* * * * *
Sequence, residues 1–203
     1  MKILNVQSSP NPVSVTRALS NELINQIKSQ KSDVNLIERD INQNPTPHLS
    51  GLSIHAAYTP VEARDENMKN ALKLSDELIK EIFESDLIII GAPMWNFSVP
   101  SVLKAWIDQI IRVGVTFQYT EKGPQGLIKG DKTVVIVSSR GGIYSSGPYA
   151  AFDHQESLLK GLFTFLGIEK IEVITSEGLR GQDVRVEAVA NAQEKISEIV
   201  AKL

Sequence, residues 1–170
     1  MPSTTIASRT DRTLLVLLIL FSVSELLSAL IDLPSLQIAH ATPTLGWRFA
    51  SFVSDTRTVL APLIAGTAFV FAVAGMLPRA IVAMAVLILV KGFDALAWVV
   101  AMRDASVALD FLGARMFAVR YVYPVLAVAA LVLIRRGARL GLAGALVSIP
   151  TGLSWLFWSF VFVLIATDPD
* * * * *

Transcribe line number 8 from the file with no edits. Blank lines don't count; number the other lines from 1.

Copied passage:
     1  MPSTTIASRT DRTLLVLLIL FSVSELLSAL IDLPSLQIAH ATPTLGWRFA